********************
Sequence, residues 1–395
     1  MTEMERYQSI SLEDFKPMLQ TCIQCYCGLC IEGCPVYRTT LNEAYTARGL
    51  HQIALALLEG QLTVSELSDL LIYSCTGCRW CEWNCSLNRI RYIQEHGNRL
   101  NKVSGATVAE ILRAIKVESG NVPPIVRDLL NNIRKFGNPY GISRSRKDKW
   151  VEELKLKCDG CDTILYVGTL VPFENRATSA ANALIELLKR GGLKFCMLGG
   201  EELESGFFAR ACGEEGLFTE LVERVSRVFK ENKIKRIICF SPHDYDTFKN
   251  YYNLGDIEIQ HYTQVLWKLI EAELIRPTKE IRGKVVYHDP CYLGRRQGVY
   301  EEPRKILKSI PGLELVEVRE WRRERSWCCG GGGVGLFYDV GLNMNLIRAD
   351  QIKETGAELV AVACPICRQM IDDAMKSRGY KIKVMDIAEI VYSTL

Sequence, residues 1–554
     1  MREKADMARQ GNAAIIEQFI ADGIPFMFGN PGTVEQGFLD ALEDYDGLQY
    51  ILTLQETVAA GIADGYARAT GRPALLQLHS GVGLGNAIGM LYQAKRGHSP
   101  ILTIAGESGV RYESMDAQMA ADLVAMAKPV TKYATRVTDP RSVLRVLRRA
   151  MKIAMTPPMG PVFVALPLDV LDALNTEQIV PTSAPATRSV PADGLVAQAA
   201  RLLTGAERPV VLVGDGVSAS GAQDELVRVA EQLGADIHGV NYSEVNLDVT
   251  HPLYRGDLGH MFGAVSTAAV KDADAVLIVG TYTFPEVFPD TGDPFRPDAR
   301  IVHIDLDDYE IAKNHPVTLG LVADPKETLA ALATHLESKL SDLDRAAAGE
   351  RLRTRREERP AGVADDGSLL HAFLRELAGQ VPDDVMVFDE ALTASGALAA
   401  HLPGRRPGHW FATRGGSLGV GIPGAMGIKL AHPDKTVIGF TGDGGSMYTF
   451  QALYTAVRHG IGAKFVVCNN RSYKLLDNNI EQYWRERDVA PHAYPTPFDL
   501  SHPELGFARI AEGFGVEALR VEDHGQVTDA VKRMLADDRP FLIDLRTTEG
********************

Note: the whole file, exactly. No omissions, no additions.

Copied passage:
Sequence, residues 1–395
     1  MTEMERYQSI SLEDFKPMLQ TCIQCYCGLC IEGCPVYRTT LNEAYTARGL
    51  HQIALALLEG QLTVSELSDL LIYSCTGCRW CEWNCSLNRI RYIQEHGNRL
   101  NKVSGATVAE ILRAIKVESG NVPPIVRDLL NNIRKFGNPY GISRSRKDKW
   151  VEELKLKCDG CDTILYVGTL VPFENRATSA ANALIELLKR GGLKFCMLGG
   201  EELESGFFAR ACGEEGLFTE LVERVSRVFK ENKIKRIICF SPHDYDTFKN
   251  YYNLGDIEIQ HYTQVLWKLI EAELIRPTKE IRGKVVYHDP CYLGRRQGVY
   301  EEPRKILKSI PGLELVEVRE WRRERSWCCG GGGVGLFYDV GLNMNLIRAD
   351  QIKETGAELV AVACPICRQM IDDAMKSRGY KIKVMDIAEI VYSTL

Sequence, residues 1–554
     1  MREKADMARQ GNAAIIEQFI ADGIPFMFGN PGTVEQGFLD ALEDYDGLQY
    51  ILTLQETVAA GIADGYARAT GRPALLQLHS GVGLGNAIGM LYQAKRGHSP
   101  ILTIAGESGV RYESMDAQMA ADLVAMAKPV TKYATRVTDP RSVLRVLRRA
   151  MKIAMTPPMG PVFVALPLDV LDALNTEQIV PTSAPATRSV PADGLVAQAA
   201  RLLTGAERPV VLVGDGVSAS GAQDELVRVA EQLGADIHGV NYSEVNLDVT
   251  HPLYRGDLGH MFGAVSTAAV KDADAVLIVG TYTFPEVFPD TGDPFRPDAR
   301  IVHIDLDDYE IAKNHPVTLG LVADPKETLA ALATHLESKL SDLDRAAAGE
   351  RLRTRREERP AGVADDGSLL HAFLRELAGQ VPDDVMVFDE ALTASGALAA
   401  HLPGRRPGHW FATRGGSLGV GIPGAMGIKL AHPDKTVIGF TGDGGSMYTF
   451  QALYTAVRHG IGAKFVVCNN RSYKLLDNNI EQYWRERDVA PHAYPTPFDL
   501  SHPELGFARI AEGFGVEALR VEDHGQVTDA VKRMLADDRP FLIDLRTTEG